Monday, March 19, 2012

This Week's News: Youth in Transition


SC improves its high school dropout rates
Post Crescent, Columbia, SC - March 18, 2012
A report by a national think tank has found South Carolina's high school graduation rates have sharply increased since 2002.

Proposal would raise state school dropout age to 18
The Herald News, Fall River, MA – March 11, 2012
Area legislators and school officials support the idea of raising the minimum school dropout age from 16 to 18, but there are concerns with how the plan would be funded and implemented.

Nashville school district sees decline in dropout rate
The Tennessean, Nashville, TN – March 18, 2012
The message is scribbled in black marker on a dry erase board in a Metro Nashville school, written by a student more than two years ago and never erased.  “I will always be back to visit you, to show you where my life has gone, because without you I would still be a high school dropout.”

Juvenile Justice

At D.C. Superior Court program, a focus on helping minors with mental health problems
The Washington Post, Washington, D.C. – March 15, 2012
JM-4 in D.C. Superior Court isn’t your typical courtroom.  No one is on trial. Defendants, called “respondents,” are surrounded by social workers, psychologists and, often, family members. There’s no mention of the criminal charges against them.

Study praises juvenile justice reforms, says more work needed
Arkansas News, Little Rock, AK – March 14, 2012
A new study presented to lawmakers today praises recent reforms in Arkansas’ juvenile justice system and recommends additional strategies to save money.  “There really has been remarkable work done to reform juvenile justice in this state,” said Pat Arthur, the study’s co-author, a California-based consultant and former attorney at the National Center for Youth Law in San Francisco.

School-To-Prison Pipeline Targeted By Judges, Education Officials
The Huffington Post, St. Louis, MO – March 13, 2012
Jakayla Ivory, a St. Louis high-school student convicted of second-degree assault, likely would have gotten two years in jail. Instead, she went to school at Jimmie Edwards' Innovative Concept Academy.

Foster Care

House in planning stages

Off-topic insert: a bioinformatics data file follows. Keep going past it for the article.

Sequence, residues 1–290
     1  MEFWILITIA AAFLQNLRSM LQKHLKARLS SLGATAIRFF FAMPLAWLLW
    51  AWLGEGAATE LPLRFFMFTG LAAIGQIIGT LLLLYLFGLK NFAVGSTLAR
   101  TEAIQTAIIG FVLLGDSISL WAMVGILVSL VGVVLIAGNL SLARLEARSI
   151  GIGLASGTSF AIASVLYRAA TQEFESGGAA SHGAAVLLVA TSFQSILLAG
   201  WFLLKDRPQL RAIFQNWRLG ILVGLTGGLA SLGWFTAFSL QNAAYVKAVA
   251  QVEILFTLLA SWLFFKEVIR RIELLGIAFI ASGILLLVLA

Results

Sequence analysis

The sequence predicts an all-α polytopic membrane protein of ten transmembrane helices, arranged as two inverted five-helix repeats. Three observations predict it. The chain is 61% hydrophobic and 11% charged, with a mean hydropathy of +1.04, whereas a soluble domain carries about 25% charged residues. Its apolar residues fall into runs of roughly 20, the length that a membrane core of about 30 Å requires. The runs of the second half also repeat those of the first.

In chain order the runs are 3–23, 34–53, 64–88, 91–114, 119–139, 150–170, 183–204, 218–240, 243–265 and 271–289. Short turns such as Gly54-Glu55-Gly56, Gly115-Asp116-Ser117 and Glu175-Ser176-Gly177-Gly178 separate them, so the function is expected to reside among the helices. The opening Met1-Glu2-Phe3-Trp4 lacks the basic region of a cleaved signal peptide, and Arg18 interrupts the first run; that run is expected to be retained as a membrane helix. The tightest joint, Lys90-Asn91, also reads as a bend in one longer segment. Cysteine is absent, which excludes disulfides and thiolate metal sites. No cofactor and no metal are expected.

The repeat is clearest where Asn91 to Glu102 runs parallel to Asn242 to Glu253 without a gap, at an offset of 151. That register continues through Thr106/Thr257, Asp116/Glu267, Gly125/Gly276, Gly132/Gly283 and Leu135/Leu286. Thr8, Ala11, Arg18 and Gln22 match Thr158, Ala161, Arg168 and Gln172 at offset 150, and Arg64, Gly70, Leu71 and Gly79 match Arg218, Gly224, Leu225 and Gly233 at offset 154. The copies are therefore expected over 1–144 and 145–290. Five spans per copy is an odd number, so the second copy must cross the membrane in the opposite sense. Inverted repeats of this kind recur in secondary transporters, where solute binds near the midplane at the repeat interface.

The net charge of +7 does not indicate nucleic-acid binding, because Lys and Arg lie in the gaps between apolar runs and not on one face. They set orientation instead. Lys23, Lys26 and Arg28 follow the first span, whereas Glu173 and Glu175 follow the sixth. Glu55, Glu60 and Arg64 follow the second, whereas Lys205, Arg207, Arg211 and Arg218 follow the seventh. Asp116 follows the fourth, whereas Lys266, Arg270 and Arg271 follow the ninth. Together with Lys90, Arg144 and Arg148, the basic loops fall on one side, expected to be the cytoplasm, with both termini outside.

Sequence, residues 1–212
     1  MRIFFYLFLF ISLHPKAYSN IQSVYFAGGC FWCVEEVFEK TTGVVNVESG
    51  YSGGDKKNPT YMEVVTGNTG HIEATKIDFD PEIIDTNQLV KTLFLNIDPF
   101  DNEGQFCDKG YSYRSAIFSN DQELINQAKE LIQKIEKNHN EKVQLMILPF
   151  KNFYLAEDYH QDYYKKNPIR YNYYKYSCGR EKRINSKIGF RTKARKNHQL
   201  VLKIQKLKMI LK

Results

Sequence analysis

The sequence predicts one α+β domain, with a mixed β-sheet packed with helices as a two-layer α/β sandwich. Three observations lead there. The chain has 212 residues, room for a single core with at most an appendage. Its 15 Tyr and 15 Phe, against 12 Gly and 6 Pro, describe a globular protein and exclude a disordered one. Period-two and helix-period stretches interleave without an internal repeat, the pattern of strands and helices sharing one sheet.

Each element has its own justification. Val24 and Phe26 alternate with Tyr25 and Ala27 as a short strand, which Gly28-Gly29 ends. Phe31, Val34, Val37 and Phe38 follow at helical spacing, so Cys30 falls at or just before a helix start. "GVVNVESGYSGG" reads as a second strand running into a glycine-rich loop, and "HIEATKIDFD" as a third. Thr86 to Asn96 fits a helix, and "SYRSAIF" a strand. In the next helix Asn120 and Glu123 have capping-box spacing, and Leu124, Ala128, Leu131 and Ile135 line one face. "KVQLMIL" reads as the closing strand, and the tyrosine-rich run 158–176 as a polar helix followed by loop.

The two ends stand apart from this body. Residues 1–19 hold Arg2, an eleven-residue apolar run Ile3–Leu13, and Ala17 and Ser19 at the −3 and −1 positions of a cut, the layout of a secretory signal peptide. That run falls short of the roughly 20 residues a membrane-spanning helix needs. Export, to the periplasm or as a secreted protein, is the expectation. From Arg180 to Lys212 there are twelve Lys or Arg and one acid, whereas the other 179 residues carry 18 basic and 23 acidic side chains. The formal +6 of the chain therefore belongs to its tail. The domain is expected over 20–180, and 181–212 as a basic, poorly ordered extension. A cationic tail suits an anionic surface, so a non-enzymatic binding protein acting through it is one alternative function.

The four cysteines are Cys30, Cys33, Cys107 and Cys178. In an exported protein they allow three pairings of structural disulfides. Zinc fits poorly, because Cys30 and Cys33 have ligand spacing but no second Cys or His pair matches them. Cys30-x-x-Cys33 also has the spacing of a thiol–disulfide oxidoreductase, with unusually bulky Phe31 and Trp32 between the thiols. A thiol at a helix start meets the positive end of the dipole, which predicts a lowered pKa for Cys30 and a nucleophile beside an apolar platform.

Stuttgart Daily Leader, Stuttgart, AK – March 16, 2012
About 25 percent of foster children end up in a jail system within two years of aging out of foster care.  Dana’s House Director Jennifer Poston said about 40 percent end up homeless at some point.  It’s statistics Poston said they hope to beat locally through a future transition house for those about to age out of foster care at age 18

Transitioning Youth Act Is Renewed By Legislature
The Chattanoogan, Tennessee – March 18, 2012
Tennessee lawmakers today passed legislation that legislators said will continue a program that has helped many foster children transition into adulthood. Rep. Mark White (R-Memphis) introduced the bill that will continue the Transitioning Youth Act - a program that provides assistance to foster children between the ages of 18-21 once they age out of the foster care system.

Senate committee approves bill requiring information for foster children
Lexington Herald-Leader, Kentucky – March 14, 2012
Chelsea Hoover told state lawmakers on Wednesday that when her years of being a Kentucky foster child ended, social workers did not give her enough information about programs that could ease her transition into adulthood.

Teen Pregnancy

Governor's task force tackles teen pregnancy, Jackson, MS – March 15, 2012
Mississippi Gov. Phil Bryant has formed a task force to reduce the number of teen pregnancies and births in the state.  "Obviously what we're doing has not been working," Bryant said Wednesday in announcing the task force.

More emphasis needed on preventing teen pregnancies, officials say
The Gainsville Sun, Florida – March 13, 2012
In a small building on campus at the Professional Academies Magnet at Loften, Pauline Grimes and four other helpers take care of the school district's youngest students: the infants and toddlers of teen students.  There are 25 teen moms on campus as part of the ACCEPT program, which allows these moms to remain enrolled in school by providing parenting education and free on-site childcare.

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